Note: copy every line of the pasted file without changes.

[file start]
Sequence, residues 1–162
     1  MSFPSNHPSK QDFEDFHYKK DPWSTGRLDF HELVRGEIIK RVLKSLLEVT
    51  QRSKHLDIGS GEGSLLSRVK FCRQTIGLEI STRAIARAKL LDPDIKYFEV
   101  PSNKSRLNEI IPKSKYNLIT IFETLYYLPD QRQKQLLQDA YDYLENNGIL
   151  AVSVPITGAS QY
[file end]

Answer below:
Sequence, residues 1–162
     1  MSFPSNHPSK QDFEDFHYKK DPWSTGRLDF HELVRGEIIK RVLKSLLEVT
    51  QRSKHLDIGS GEGSLLSRVK FCRQTIGLEI STRAIARAKL LDPDIKYFEV
   101  PSNKSRLNEI IPKSKYNLIT IFETLYYLPD QRQKQLLQDA YDYLENNGIL
   151  AVSVPITGAS QY